Alto Construction Co., Inc. v. Flagler Construction Equipment, LLC.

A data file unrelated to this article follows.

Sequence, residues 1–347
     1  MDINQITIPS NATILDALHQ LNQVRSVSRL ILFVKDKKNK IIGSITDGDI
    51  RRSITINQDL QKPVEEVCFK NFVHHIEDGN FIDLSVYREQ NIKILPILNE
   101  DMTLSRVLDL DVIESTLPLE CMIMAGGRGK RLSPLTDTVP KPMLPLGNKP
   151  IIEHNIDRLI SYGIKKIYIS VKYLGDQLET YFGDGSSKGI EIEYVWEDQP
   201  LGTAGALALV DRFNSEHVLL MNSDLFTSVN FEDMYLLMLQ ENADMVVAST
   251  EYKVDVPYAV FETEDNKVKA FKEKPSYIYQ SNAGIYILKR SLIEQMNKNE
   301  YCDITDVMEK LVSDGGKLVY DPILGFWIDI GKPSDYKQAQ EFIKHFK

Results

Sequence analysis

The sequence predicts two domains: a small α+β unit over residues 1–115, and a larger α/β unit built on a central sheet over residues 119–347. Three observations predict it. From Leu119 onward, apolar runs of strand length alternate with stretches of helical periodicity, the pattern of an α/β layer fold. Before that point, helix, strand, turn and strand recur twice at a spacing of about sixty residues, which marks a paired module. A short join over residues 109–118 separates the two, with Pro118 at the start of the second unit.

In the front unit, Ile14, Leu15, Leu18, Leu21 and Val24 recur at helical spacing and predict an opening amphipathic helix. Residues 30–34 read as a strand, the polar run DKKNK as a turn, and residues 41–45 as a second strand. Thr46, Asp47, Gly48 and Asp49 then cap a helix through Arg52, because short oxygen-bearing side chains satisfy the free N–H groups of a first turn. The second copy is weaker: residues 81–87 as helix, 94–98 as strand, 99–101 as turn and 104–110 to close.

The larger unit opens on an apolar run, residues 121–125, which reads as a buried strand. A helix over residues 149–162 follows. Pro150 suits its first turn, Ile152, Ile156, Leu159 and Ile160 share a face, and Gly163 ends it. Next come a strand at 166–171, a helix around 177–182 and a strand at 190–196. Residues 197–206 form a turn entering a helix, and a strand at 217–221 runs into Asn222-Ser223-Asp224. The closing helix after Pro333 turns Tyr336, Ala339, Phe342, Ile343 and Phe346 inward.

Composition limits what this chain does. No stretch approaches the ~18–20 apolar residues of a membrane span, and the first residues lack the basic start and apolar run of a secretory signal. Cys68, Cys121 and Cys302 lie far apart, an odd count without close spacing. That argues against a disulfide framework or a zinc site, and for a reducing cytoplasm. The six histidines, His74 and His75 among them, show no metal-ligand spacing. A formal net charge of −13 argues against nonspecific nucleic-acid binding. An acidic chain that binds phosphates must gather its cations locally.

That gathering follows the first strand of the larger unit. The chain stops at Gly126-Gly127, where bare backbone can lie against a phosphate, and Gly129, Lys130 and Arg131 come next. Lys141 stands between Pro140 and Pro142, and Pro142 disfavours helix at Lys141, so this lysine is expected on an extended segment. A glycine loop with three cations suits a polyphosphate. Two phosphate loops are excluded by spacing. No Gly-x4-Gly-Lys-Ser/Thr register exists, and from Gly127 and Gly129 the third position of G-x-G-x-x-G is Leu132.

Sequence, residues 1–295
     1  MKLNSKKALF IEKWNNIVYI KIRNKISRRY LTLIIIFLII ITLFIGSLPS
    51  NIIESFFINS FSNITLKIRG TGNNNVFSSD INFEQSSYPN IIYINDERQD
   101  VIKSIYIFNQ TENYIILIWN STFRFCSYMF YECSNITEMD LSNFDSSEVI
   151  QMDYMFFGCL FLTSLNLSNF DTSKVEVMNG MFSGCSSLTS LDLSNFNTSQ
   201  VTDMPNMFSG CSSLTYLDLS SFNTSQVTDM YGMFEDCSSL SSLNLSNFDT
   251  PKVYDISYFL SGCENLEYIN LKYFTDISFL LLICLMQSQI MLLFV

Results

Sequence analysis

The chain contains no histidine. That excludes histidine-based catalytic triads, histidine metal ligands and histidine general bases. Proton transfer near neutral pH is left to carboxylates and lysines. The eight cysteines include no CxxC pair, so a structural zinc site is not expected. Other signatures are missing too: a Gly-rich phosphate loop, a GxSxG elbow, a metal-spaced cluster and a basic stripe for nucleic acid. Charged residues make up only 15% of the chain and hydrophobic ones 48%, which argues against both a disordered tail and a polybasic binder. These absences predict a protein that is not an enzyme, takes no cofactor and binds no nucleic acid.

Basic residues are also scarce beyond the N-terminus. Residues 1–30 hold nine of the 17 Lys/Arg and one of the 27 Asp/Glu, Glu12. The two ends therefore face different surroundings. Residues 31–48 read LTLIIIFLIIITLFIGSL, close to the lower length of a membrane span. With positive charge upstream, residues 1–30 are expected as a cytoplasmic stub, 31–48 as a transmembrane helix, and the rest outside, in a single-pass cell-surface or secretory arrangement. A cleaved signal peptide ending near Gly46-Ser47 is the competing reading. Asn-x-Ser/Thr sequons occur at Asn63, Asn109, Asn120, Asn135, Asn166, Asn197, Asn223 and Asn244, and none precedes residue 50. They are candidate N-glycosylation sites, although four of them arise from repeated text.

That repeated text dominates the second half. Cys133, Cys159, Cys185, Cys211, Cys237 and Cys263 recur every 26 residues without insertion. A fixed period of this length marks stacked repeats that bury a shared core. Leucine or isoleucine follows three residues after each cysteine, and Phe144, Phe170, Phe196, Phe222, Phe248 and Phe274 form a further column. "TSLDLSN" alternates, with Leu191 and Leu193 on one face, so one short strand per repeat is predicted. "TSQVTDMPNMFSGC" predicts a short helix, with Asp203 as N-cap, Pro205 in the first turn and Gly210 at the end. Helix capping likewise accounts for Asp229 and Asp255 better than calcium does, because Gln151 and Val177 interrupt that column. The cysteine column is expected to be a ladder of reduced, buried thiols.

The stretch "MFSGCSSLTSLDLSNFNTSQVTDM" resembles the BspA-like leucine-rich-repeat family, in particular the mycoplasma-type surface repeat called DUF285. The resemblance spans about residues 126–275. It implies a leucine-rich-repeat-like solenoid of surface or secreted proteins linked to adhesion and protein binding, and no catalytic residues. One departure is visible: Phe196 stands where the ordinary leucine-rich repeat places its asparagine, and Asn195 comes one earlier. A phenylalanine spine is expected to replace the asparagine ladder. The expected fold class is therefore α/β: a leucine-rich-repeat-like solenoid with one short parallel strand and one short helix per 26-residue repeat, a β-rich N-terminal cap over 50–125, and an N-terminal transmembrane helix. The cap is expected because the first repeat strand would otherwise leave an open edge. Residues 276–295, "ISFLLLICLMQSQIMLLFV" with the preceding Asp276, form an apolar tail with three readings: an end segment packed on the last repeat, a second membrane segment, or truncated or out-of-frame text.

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NOT FINAL UNTIL TIME EXPIRES TO FILE REHEARING MOTION AND, IF FILED, DETERMINED IN THE DISTRICT COURT OF APPEAL OF FLORIDA SECOND DISTRICT ALTO CONSTRUCTION COMPANY, INC., Petitioner, v. FLAGLER CONSTRUCTION EQUIPMENT, LLC, Respondent. ) ) ) ) ) ) ) ) ) ) ) ) Case No. 2D09-928 Opinion filed November 13, 2009. Petition for Writ of Certiorari to the Circuit Court for Hillsborough County; William P. Levens, Judge. F. Lorraine Jahn of Law Offices of F.L. Jahn, P.A., Tampa, for Petitioner. Noel P. McDonnell, Patrick T. Lennon, and Nancy S. Paikoff of Macfarlane Ferguson & McMullen, Tampa, for Respondent. WALLACE, Judge. Alto Construction Company, Inc., petitions this court for a writ of certiorari to quash the circuit court's order that disqualified its counsel. Because the circuit court used the wrong legal standard in ordering counsel's disqualification, the order departs from the essential requirements of law. Accordingly, we grant the petition and quash the order. THE FACTS AND PROCEDURAL BACKGROUND Flagler Construction Company, Inc., is in the business of selling and leasing heavy construction equipment to general contractors, site contractors, and paving contractors. Before the events that gave rise to the litigation in the court below, Flagler and Alto had entered into contracts concerning several pieces of equipment. Flagler ultimately filed an action against Alto in the circuit court to replevy two pieces of equipment and for damages for breach of contract. Alto filed an answer to the complaint and counterclaimed against Flagler. F. Lorraine Jahn represents Alto in the litigation pending in the circuit court. Ms. Jahn is also on retainer to Alto. Before Flagler filed its complaint, Ms. Jahn had direct contacts and communications with employees of Flagler and a third company concerning the disputes that are the subject of the pending action. Based on these contacts and communications, Flagler moved to disqualify Ms. Jahn as Alto's counsel. In the order under review, the circuit court summarized the grounds that Flagler asserted for Ms. Jahn's disqualification as follows: "First, that Ms. Jahn will be a necessary and material witness; second, that Ms. Jahn is likely to be a named coDefendant in [Flagler's] proposed Amended Complaint; third, that Ms. Jahn allegedly violated her obligations under the Florida Rules of Professional Conduct." The circuit court conducted an evidentiary hearing on the motion. At the hearing, Flagler's counsel asserted that Ms. Jahn's testimony concerning some of the -2- events in dispute would be "central to Flagler's case." In other words, Flagler intended to call Ms. Jahn as a witness at trial. For its part, Alto filed an affidavit from its president stating that "Alto does not intend to call [Ms.] Jahn as a witness at trial in this matter." Ms. Jahn observed that "disqualification impinges on a party's right to employ a lawyer." She suggested that Flagler's motion was filed for "tactical purposes." After the hearing, the circuit court entered an order granting the motion and disqualifying Ms. Jahn as Alto's counsel. In its order, the circuit court did not address the motion's second ground concerning the possibility that Ms. Jahn would be named as a defendant in Flagler's proposed amended complaint. The circuit court rejected the third ground, finding that "Ms. Jahn did nothing to violate her ethical obligations." Thus the order of disqualification was necessarily based on the first ground. In this regard, the circuit court found that Ms. Jahn "may very well be a material witness by having injected herself into the business dealings out of which this dispute arises." DISCUSSION A petition for writ of certiorari is appropriate to review an order disqualifying counsel. AlliedSignal Recovery Trust v. AlliedSignal, Inc., 934 So. 2d 675, 677 (Fla. 2d DCA 2006). The jurisdictional requirements for certiorari review are met in this case because "an order disqualifying counsel denies the right to choose one's counsel and works a material injury that cannot be remedied on appeal." Id. Thus we turn our attention to whether the circuit court departed from the essential requirements of law. Alto argues that the circuit court departed from the essential requirements of law because it relied on an improper standard that did not consider whether counsel's -3- testimony would be adverse to Alto's position when it disqualified Ms. Jahn. In response, Flagler contends that "[a]n explicit finding of adversity is not required." According to Flagler, there is no "departure from the essential requirements of law because it is implicit that the court found that [Ms.] Jahn's testimony would be adverse to her client." We disagree with Flagler and agree with Alto. The Rules Regulating The Florida Bar do not mandate an attorney's automatic disqualification when he or she is called to testify by an opposing party. Id. at 680; see R. Regulating Fla. Bar. 4-3.7(a) ("A lawyer shall not act as advocate at a trial in which the lawyer is likely to be a necessary witness on behalf of the client." (emphasis added)). But see Scott v. State, 717 So. 2d 908, 910 n.8 (Fla. 1998) (stating in dicta that rule 4-3.7 "also addresses the conflict that arises when a lawyer is called as a witness by the opposing side to testify against a private client"). Instead, an attorney that will be called as a witness by an opposing party may be disqualified if the attorney's testimony will "be 'sufficiently adverse to the factual assertions or account of events offered on behalf of the client.' " AllliedSignal Recovery Trust, 934 So. 2d at 679 (quoting Allstate Ins. Co. v. English, 588 So. 2d 294, 295 (Fla. 2d DCA 1991)). We have explained that "[t]he requirement that a lawyer withdraw when he expects to be a witness was not intended to permit an opposing party to call him as a witness and disqualify him from serving as counsel." Id. at 680. Flagler cites Fleitman v. McPherson, 691 So. 2d 37, 38 (Fla. 1st DCA 1997), for the proposition that disqualification of counsel is appropriate "when it is shown that the attorney will be an indispensable witness or when the attorney becomes a 'central figure' in the case." However, we find this argument unpersuasive. Fleitman -4- addresses the situation where the attorney will be testifying on behalf of his or her own client. See AlliedSignal Recovery Trust, 934 So. 2d at 680. It follows that the circuit court departed from the essential requirements of law when it disqualified Alto's attorney without determining whether Ms. Jahn's testimony would be adverse to Alto's factual assertions or account of events. Thus we grant the petition and quash the order disqualifying Ms. Jahn as Alto's counsel. The circuit court should reconsider Flagler's motion in light of the correct standard. Petition granted; order quashed. FULMER and NORTHCUTT, JJ., Concur. -5-